Many investors want to invest in startups because they have heard stories of the tremendous wealth created by some startups that have gone on to do incredible things.
As the chart below illustrates, in recent years much of the wealth creation has shifted from the time a company is public to the time prior the company becoming public. In other words, getting invested early, including startups, prior to a company going public is a rewarding.
That is not to say that you can’t build wealth by investing in public companies. Many people have done just that. Instead, it means that if you want to build life changing wealth, you need to allocate a small portion of your investing capital into pre-IPO businesses, including startups.
What if you could have invested alongside Jeff Bezos when he was beginning his Amazon journey? No doubt those that believed in Bezos and his vision for Amazon have gone on to be quite rich.
There are many tech startups to invest in, but an even greater number of non-tech startups. Recent studies show that there has been between 700,000 and 800,000 new business startups annually over the last five years.
With that many potential investment opportunities you need to know how to invest in startups. And for those less tech savvy investors you need to know which technologies are best, so you know which tech startups to invest in.
People can invest in startups via equity or debt depending on the business opportunity and you need to look at things on a case-by-case basis.
Ten years ago, the idea to invest in startups was limited to an elite group of accredited investors and venture capital funds. Things got a lot simpler for individual investors in 2012 when Congress passed the JOBS Act, which eased the country’s security regulations.
With the passing of the JOBS act, non-accredited investors (which is most of us) can invest between $2,000 and $100,000 annually (depending on your annual income and net worth) in startups businesses. This was a huge step for the smaller investor who previously was shut out of most of these startup deals.
With the passing of the legislation in 2012, a new mini-industry call crowdfunding sprung up for this new type of smaller investor. Crowdfunding is a great name describing the investing of small amounts by a large number of investors to funding various businesses, including startups.
Fast forward eight years and you can now go onto many crowdfunding platforms to review prospectuses, perform due diligence and invest in these kinds of startups. All the information you need to make an investment decision is right there on the funding portal. You might be asked to invest in stock, debt, or convertible debt, but either way you get to perform due diligence and decide.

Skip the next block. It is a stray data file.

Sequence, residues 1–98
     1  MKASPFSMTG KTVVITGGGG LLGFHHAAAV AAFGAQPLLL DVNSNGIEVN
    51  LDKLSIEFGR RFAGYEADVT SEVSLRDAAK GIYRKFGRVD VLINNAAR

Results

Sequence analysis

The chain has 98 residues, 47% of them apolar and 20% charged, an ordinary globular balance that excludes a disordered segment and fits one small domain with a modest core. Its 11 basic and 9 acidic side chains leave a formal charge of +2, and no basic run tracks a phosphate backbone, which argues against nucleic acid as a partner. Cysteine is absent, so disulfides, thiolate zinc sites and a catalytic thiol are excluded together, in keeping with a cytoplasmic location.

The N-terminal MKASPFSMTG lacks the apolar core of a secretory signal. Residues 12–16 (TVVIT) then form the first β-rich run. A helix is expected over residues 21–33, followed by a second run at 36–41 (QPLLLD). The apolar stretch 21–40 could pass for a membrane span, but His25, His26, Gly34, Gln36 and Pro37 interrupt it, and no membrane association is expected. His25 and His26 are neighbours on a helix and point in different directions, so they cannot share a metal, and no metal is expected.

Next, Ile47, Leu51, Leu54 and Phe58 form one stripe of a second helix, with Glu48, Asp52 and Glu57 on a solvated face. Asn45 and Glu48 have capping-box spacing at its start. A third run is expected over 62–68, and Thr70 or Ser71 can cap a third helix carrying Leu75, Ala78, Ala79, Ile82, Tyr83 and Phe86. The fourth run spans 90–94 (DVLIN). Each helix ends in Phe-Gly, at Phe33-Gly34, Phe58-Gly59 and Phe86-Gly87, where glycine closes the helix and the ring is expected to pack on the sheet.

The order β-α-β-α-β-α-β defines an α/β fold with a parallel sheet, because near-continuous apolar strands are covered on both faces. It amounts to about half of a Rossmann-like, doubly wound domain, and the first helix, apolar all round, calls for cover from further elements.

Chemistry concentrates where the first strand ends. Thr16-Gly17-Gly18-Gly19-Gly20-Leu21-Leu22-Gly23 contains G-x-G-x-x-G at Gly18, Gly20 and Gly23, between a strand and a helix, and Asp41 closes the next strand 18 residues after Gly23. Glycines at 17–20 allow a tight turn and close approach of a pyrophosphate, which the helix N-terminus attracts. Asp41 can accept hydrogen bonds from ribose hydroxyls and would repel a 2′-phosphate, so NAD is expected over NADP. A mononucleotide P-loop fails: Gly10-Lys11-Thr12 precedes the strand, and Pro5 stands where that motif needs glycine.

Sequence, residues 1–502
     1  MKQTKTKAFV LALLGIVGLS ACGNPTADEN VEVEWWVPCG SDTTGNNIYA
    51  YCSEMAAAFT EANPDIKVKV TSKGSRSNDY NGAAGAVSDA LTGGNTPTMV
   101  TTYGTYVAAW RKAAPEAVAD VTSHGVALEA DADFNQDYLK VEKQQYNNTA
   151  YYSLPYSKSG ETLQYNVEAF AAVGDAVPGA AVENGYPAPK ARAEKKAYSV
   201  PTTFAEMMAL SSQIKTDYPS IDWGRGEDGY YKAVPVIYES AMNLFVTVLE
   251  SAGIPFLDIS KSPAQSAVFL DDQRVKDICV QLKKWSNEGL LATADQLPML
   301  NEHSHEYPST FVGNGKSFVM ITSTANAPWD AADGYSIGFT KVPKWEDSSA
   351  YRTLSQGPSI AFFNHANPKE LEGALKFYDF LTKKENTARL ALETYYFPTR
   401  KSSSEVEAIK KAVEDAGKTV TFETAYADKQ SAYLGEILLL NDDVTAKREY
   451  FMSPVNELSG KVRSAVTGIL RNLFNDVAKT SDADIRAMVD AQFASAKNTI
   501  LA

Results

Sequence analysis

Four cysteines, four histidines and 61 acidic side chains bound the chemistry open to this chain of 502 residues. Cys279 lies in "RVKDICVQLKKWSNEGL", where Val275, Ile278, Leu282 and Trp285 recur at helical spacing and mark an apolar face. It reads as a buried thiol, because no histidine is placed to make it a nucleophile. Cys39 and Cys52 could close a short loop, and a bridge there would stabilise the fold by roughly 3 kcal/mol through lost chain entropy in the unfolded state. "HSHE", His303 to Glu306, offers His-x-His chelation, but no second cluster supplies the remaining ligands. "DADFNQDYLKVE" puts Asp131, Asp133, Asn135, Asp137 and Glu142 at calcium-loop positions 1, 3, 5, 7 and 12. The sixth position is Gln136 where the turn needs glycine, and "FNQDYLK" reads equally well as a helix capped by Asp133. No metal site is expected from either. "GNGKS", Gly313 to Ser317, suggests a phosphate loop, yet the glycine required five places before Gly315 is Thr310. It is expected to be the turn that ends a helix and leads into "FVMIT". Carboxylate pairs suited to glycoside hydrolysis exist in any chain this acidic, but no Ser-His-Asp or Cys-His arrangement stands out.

In many ways these funding portals supply the same information as you would get from your broker about a publicly held stock you own.
There are many options when it comes to investing in startups.
Most important to note is that investing in startups is very risky and should only be done with a small percentage of your hard-earned investment dollars held in your investment portfolio.
Startup debt and equity is very illiquid, meaning that you will need to keep your money invested for at least three to five years. During that time, you will either watch the business do great things and possibly get a good return or be unsuccessful such that your investment will be impaired, possibly all the way to zero.
If you are like most people and are new to investing in startups, you want to discuss options with financial advisors to get their investment advice on whether this kind of investing is right for you.
If you are comfortable with the risks noted above, there are great reasons to invest in startups. One reason might be that you love the idea of the startup and want to “change the world”. Others invest in startups because there is a personal connection to the management team, and you believe in them. Or finally, you may be excited by the idea of getting in on the ground floor of possibly the next Amazon or Snowflake.
At Wealthplicity, we have taken the time to review the best crowdfunding sites to help you in your due diligence when it comes to startup investing.
We looked at five important criteria for users interested in using crowdfunding for startups:
You can find our full reviews at The Best of Investing Resources.